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Way, Way Off Base

“It’s pretty depressing for those who would like to believe that analysis and evidence matter. The recent evolution of both policy and conventional wisdom on macroeconomics seems to suggest otherwise.” – Paul Krugman, 8/4/13

I keep seeing some of the inflation doves (low inflationists) tooting their own horns over low inflation predictions during the crisis years.  But there’s a big problem with the predictions some of these inflation doves made and they don’t seem to fully understand it.  Now, I hate to snipe at Paul Krugman, but hey, when you’re the top dog in the economics kennel, the rest of us puppies are bound to bite at your ankles on occasion (my apologies for the bite marks in advance).  So here goes….

Back in 2009 & 2010 we heard all sorts of scary predictions about hyperinflation or high inflation.  Most of these predictions were based on a basic misunderstanding that was a fairly mainstream belief before the crisis – the myth of the money multiplier.  So, you saw all sorts of charts (like the following one from Morgan Stanley) which showed the monetary base exploding:


There were three basic interpretations of this chart – 1) the Austrians, hyperinflationists and some prominent mainstream supply side economists said this would cause high inflation; 2) the liquidity trap theorists said it wouldn’t cause high inflation YET because the banks wouldn’t be incentivized to lend out their reserves YET; 3) people like me have repeatedly said that the higher monetary base would not lead to more lending, not because of a liquidity trap, but because banks NEVER lend their reserves (even outside of a supposed “liquidity trap”) and that inflation would remain low because the economy would remain far too weak to create high inflation (because demand for credit was weak and banks were tight).

Obviously, the hyperinflationists were wrong.  And the liquidity trap theorists think they had it all right.  Yes, their inflation prediction was right, but not for the right reasons.  For instance, in 2009 Paul Krugman responded to the base money predictions saying:

  “the problem was that since banks weren’t lending out their reserves and people were keeping cash in mattresses, the Fed couldn’t expand M2.”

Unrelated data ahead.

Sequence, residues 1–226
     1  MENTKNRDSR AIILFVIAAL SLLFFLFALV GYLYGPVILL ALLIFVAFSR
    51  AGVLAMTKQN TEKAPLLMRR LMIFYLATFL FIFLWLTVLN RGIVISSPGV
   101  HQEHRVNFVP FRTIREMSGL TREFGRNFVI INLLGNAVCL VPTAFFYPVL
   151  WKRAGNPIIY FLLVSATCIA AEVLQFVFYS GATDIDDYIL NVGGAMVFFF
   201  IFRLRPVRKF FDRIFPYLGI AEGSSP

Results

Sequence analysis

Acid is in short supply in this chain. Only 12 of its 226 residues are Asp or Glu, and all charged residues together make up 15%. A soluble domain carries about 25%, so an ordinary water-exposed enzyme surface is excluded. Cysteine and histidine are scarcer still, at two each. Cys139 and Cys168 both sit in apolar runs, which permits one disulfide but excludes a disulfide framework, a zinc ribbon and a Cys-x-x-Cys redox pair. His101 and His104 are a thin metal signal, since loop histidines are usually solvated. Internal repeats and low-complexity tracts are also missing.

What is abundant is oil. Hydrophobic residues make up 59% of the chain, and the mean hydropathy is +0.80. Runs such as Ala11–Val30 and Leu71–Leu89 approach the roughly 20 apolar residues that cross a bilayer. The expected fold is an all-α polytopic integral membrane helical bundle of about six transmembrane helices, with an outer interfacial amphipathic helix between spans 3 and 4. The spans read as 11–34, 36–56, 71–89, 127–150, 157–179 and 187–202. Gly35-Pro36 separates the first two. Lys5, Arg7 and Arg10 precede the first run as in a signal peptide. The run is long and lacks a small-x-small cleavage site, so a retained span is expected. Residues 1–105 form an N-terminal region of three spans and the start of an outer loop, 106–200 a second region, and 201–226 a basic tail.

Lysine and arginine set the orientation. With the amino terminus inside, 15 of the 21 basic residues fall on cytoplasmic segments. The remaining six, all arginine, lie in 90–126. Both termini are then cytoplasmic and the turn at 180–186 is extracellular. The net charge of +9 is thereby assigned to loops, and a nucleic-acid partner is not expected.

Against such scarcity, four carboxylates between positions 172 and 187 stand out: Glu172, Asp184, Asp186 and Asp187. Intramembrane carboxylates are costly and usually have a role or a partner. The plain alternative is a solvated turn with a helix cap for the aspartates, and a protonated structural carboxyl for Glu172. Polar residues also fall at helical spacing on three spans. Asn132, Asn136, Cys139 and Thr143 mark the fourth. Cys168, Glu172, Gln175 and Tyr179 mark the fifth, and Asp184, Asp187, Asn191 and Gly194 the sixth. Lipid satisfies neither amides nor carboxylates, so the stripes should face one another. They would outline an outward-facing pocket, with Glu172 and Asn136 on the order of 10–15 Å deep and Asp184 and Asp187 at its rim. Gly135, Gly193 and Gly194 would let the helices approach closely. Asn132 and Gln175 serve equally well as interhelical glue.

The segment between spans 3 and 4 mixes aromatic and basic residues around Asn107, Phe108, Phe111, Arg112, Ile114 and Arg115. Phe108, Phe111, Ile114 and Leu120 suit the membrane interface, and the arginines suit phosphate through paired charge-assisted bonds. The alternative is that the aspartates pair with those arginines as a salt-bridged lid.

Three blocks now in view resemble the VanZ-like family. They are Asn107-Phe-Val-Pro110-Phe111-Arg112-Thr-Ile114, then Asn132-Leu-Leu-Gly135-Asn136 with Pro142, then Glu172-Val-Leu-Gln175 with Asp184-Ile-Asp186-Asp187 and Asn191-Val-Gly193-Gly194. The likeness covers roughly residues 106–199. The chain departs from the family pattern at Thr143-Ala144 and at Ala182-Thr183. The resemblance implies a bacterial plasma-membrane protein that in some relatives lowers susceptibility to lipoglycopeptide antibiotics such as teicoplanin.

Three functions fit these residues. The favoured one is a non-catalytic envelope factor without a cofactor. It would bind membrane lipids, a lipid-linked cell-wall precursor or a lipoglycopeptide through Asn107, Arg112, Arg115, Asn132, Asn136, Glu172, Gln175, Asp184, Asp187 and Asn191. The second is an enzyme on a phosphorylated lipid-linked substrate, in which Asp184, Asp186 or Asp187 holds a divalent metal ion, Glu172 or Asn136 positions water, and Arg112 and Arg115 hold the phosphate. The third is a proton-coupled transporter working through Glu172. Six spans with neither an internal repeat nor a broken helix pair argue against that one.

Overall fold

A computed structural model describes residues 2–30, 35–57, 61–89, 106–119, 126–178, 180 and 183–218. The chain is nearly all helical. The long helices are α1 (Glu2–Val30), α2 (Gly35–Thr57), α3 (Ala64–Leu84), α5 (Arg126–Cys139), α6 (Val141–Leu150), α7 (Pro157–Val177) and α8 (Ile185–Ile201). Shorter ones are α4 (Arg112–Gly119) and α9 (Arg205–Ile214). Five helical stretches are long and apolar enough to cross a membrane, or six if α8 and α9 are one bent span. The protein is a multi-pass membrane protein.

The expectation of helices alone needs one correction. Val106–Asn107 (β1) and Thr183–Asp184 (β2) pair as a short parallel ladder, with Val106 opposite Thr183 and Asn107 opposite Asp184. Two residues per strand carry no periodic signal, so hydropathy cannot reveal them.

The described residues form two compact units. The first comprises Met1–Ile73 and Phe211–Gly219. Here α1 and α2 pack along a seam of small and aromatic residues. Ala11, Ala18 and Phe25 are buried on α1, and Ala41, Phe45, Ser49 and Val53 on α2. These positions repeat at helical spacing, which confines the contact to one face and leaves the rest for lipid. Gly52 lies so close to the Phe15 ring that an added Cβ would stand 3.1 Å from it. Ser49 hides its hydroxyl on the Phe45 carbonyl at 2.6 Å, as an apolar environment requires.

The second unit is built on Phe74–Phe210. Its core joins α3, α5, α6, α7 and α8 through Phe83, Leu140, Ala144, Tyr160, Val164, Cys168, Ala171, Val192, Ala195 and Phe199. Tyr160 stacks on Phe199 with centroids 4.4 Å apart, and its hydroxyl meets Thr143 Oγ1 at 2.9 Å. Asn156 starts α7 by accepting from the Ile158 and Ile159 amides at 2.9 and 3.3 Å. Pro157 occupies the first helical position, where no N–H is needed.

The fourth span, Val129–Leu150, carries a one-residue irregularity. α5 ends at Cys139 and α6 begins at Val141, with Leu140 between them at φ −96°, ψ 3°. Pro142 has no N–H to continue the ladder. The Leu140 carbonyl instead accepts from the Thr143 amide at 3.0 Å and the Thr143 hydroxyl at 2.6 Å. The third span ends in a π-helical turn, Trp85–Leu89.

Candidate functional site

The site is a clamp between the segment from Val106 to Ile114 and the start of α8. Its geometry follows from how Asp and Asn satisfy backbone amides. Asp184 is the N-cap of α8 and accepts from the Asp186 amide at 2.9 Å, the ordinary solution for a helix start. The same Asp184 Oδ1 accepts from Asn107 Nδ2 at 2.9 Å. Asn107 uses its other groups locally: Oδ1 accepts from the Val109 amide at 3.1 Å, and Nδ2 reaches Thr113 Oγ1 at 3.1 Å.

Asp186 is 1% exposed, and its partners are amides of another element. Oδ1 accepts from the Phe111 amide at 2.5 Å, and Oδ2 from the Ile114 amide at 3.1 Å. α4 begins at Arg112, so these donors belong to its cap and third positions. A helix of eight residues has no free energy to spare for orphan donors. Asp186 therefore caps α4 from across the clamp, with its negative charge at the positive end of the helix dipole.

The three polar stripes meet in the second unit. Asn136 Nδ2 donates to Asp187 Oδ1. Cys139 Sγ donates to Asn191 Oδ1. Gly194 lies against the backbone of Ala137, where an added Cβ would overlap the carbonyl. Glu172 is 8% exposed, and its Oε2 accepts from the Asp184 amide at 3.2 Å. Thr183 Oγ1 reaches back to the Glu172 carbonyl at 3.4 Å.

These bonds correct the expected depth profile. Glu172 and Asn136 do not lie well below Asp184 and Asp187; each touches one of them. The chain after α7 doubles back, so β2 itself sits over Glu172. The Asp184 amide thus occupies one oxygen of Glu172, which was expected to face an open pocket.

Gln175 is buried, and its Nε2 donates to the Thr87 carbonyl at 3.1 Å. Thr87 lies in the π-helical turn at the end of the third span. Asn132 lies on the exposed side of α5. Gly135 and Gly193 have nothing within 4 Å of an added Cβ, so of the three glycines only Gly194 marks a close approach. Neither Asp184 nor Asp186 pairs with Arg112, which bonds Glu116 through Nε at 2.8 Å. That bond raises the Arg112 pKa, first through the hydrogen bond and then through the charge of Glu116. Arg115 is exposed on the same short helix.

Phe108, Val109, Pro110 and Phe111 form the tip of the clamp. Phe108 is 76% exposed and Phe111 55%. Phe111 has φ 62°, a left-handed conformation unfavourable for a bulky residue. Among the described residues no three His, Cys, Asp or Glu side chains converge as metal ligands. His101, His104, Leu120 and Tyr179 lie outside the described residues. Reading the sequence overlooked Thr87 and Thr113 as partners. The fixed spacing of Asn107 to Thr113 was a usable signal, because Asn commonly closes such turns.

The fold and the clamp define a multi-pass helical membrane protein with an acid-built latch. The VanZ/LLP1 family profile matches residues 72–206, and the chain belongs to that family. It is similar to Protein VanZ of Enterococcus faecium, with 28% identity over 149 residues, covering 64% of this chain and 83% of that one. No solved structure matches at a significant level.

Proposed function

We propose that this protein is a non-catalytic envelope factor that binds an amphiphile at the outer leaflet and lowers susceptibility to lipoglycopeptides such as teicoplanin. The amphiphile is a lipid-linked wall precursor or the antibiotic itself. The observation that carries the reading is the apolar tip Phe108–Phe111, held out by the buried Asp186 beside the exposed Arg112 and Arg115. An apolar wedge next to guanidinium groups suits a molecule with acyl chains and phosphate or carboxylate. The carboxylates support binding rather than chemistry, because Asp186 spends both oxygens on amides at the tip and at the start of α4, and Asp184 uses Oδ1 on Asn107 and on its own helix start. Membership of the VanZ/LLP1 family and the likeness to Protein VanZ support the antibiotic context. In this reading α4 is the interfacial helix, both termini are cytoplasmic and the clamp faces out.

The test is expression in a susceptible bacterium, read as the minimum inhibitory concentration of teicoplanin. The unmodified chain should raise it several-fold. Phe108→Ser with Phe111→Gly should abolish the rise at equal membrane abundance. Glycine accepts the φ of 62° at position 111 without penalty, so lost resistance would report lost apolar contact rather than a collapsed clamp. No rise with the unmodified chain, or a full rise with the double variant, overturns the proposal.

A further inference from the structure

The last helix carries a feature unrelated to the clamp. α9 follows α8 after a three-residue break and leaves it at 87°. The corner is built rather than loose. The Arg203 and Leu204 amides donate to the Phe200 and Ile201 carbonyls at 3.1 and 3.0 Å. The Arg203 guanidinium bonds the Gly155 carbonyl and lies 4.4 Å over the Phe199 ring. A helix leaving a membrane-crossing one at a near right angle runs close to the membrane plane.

The thinking there basically said that banks would normally lend out their reserves, but they wouldn’t do so in this particular environment because of the liquidity trap.  But banks NEVER “lend out their reserves”.  Reserves are deposits issued within the interbank system and they stay within the interbank system.  They’re used for two primary purpose: 1)  to meet reserve requirements; 2) to settle payments.  When a bank wants to make a new loan it doesn’t check its reserve balances first.  It checks the creditworthiness of the borrower and measures the risk of the loan.  If it needs reserves it will find them in the interbank market or borrow from the Fed AFTER the fact.  A bank is always capital constrained, but never reserve constrained.  There’s no “multiplying” of reserves in this process.

More and more people are coming around to understanding all of this now (including some Fed employees), yet we still see the liquidity trap theorists claiming to have predicted the low inflation environment for all the right reasons.  The reality is that they were right despite the same misunderstandings many of their mainstream colleagues based their high inflation predictions on.  They didn’t have a better model or even a better interpretation of that model.  It was the same wrong model with a different bet – the one that just so happened to be right.

The point of this post is important – you didn’t need liquidity trap theories and loanable funds based IS/LM models to understand why the high inflation never came.  All you needed to understand was the very basics of banking and some broader macro understanding of the debt crisis the US consumer confronted after the housing bubble burst. Paul Krugman is making an example out of the hyperinflationists to try to show how their model and understanding of the world was deficient and his model and understanding was superior.  But his model isn’t superior.  It’s the same flawed model that most of mainstream econ uses (the one based on a loanable funds view that doesn’t exist in the real-world of banking).  Granted, he called the crisis FAR better than the Austrians did and he deserves praise for that, but that doesn’t mean the model was all that much better.  It just means it was less bad.  That’s about all.

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